Greenhouse gas reporting: conversion factors 2019
Both major parties are promising major road projects this election. Meanwhile, the potential for passenger and freight rail to help meet the country’s climate goals seems stuck at the station.
The Tokaido Shinkansen in Japan.
Some 34 countries have high-speed rail or are about to get it. Yet since it was for proposed for Australia in 1984, no local plan for high-speed rail has got further than the drawing board.
Converting to electric cars is going to take time. With transport being Australia’s fastest-growing source of emissions, action on all fronts – road, rail, sea and aviation – is needed.
Nigeria needs more than trucks to achieve effective freight management.
In addition to transport, Nigeria needs to pay more attention to logistics and supply chain management.
Regional NSW, home to a third of the state’s population, is still waiting for the promise of faster train travel to be delivered. Other states improved their regional services years ago.
With government reforms underway, are we headed to a more enticing rail experience in the UK?
PjrTransport / Alamy Stock Photo
The government’s plan to shake up the national rail system is ambitious. Whether it will be cheaper for the customer – and for the nation – remains to be seen
A high-speed rail network in Australia would create many benefits by reshaping cities and regional communities along its route.
NSW Minister for Transport and Roads Andrew Constance announces a move to the next stage of planning for the Western Harbour Tunnel and Beaches Link project in November 2019.
Once again, the state looks intent on pressing ahead with a huge road project without releasing a business case. Among the many concerns is the failure to look at lower-emission alternatives.
The continued upward trend in our second-biggest source of emissions is a result of government inaction on a transport mix dominated by trucks and cars and a lack of fuel-efficiency standards.
Only the inner suburbs of Melbourne and other capital cities meet the 20-minute neighbourhood test. But we could transform the other suburbs for much less than the cost of current transport projects.
Investing in rail can put transport emissions on the right track.
Electric trains use seven times less carbon dioxide than cars. With careful planning, railways could drastically cut emissions from a sector that now accounts for a quarter of the carbon in our air.
The Melbourne Transportation Plan included every freeway and major arterial road built in the city since 1969.
While called a transportation plan,
it was heavily skewed towards roads. We need the type of city-shaping thinking that underpinned the plan, but today’s plans must match 21st-century priorities.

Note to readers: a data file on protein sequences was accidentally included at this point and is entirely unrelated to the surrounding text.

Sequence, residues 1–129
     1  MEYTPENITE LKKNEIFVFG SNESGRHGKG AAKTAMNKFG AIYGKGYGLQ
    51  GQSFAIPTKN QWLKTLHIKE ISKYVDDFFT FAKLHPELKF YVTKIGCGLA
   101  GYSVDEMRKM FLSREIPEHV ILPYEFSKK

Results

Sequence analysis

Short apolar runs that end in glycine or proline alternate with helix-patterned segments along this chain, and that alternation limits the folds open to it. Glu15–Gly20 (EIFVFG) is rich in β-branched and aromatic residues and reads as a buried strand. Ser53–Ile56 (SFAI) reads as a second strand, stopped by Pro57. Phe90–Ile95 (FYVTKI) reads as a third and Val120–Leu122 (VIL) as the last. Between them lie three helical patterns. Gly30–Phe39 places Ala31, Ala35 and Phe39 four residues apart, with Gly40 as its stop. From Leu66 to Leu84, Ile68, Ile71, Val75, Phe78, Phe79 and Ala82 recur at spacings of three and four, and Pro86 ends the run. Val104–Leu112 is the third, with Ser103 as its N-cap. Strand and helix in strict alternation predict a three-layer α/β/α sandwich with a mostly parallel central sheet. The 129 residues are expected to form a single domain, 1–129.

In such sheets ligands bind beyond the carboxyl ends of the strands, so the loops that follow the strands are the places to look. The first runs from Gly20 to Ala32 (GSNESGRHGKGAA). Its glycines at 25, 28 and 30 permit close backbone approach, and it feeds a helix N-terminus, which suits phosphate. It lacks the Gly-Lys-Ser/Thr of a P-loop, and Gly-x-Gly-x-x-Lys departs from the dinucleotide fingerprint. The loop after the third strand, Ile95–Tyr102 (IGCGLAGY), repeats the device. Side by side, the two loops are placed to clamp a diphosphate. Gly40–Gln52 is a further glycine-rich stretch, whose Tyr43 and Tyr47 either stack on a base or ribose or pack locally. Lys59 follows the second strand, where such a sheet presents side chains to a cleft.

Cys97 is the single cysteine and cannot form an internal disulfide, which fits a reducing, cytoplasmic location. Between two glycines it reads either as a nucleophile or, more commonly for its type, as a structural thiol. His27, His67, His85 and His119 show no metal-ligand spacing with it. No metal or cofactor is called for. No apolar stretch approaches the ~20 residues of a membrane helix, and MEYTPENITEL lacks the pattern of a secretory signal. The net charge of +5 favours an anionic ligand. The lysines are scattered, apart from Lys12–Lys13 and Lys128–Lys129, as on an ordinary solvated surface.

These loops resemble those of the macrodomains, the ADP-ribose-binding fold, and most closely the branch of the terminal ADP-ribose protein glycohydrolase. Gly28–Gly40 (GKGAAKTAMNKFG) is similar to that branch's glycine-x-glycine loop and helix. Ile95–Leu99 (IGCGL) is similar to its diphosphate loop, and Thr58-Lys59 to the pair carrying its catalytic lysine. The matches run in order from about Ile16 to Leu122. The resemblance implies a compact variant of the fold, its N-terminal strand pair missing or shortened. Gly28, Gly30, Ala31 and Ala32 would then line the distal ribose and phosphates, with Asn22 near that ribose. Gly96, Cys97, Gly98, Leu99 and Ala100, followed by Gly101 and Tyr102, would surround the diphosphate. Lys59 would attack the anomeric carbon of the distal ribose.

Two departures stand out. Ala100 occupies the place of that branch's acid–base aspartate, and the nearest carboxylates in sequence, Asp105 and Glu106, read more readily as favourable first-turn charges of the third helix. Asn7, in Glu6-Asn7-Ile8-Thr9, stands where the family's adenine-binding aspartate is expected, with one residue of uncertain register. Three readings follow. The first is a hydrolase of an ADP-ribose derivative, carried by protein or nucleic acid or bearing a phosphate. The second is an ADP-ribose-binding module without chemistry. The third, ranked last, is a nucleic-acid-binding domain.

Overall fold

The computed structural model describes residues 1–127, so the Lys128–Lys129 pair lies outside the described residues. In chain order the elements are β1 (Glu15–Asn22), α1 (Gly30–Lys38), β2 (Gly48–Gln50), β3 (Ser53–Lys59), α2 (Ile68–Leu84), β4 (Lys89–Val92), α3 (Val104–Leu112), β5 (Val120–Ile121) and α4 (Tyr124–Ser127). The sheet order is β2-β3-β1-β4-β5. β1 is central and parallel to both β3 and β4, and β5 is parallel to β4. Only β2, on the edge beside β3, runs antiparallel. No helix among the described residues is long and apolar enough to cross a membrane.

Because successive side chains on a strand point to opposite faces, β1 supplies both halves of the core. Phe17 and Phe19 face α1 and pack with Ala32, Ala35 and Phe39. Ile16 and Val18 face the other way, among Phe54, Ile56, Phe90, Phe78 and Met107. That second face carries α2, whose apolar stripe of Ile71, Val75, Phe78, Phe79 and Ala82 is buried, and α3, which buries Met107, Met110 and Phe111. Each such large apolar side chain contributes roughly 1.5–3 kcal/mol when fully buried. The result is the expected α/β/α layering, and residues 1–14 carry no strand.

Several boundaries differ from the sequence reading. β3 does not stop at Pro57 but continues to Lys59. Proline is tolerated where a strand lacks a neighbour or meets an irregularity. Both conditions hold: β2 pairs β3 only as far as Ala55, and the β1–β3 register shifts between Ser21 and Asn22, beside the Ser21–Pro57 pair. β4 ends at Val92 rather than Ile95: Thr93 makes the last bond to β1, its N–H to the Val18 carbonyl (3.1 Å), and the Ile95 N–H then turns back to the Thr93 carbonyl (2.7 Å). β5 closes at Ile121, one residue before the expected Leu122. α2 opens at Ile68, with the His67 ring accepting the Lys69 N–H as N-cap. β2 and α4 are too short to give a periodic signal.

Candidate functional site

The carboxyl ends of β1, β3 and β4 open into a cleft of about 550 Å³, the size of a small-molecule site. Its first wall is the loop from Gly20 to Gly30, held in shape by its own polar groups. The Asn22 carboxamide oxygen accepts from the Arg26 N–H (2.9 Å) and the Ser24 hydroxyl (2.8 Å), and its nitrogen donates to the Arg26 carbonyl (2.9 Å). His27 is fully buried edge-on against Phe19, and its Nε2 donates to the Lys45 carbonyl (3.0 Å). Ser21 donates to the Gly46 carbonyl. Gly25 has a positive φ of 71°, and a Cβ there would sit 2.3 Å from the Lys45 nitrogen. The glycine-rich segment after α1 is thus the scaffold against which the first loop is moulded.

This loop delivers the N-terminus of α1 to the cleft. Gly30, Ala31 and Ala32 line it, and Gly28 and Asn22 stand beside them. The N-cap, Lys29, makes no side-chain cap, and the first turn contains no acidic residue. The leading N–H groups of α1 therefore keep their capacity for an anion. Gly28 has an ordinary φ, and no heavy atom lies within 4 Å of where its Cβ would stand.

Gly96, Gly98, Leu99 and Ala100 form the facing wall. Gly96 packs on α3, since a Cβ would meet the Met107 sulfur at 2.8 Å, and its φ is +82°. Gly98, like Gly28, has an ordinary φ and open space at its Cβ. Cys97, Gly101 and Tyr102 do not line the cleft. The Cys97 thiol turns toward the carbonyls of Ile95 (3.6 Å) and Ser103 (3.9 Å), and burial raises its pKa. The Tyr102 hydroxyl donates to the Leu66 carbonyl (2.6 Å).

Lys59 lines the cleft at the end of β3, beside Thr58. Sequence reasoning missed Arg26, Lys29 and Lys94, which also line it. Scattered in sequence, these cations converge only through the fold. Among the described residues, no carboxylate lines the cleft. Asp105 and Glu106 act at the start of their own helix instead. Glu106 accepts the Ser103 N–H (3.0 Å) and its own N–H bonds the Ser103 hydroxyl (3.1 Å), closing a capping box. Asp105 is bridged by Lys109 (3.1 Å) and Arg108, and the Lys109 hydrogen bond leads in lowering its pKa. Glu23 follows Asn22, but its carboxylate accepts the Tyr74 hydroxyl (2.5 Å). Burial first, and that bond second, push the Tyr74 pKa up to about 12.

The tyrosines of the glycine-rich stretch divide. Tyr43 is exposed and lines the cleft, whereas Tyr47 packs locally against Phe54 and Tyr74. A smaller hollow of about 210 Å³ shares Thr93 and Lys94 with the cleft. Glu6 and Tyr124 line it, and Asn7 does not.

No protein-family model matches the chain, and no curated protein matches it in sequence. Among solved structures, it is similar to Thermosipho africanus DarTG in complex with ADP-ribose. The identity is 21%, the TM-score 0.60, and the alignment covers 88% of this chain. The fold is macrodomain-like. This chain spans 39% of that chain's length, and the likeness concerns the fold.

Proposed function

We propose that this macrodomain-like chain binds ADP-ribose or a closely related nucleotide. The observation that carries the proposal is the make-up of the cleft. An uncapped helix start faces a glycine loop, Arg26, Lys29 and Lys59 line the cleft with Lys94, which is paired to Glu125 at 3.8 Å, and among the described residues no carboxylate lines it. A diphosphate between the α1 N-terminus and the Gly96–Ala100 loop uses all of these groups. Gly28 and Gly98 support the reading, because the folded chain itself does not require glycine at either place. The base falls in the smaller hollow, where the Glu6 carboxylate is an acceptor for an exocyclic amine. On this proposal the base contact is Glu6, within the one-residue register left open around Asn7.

The Australian and Victorian governments have both promised funding for a Melbourne Airport rail link, but a private consortium’s unsolicited proposal is also on the table.
Unsolicited market proposals are not transparently assessed. Infrastructure should be built to serve the public interest, not shaped by its private backers, but the checks to ensure this are broken.
In cities like Copenhagen that have good infrastructure for cycling it’s an established commuting option alongside road and rail.
A breakdown in the road or rail systems often causes commuter chaos in Australia. Some overseas cities are more resilient because they have other options – and our bicycle network could give us that.
Many commuters already travel from regional cities to work in capital cities like Melbourne so what impacts will fast rail have?
While governments focus on how to ease congestion and make affordable housing more accessible for workers in our biggest cities, fast rail could be a mixed blessing for regional cities.
VLocity trains run at speeds of up to 160km/h on four Victorian regional lines.
More than half a century after the first high-speed trains began running overseas, Australia is still waiting for the long-promised service. Right now, faster rail is a better short-term prospect.
With more than a million Australians using public transport to get to work each day, demand for car parking at the station is virtually insatiable.
The Commuter Car Park Fund announced in the budget sounds big, but is likely to create only around 30,000 extra spaces – a marginal benefit for Australia’s 1.2 million daily public transport users.
The Morrison government’s infrastructure budget favours Victoria, in a change from recent budgets.
Despite boasts of ‘record’ infrastructure spending, relative to GDP it’s comparable to previous budgets. What’s different is that Treasurer Frydenberg has chanced his arm more over the longer term.
Vancouver used traffic congestion as a ‘stick’ and the SkyTrain as a ‘carrot’ in a strategy to discourage car use and make the city a better place to live.
Instead of spending ever more on roads, we can learn from Vancouver’s use of congestion as a ‘friend’ in managing the development of transport networks and of the city itself.
Transport promises stretching as far as the eye can see: Victorian Labor’s big one is a $A50 billion suburban rail loop.
Whichever party wins, Victoria’s new government will have promised the biggest transport infrastructure project in Australian history. So what are the promises and are they backed by proper assessment?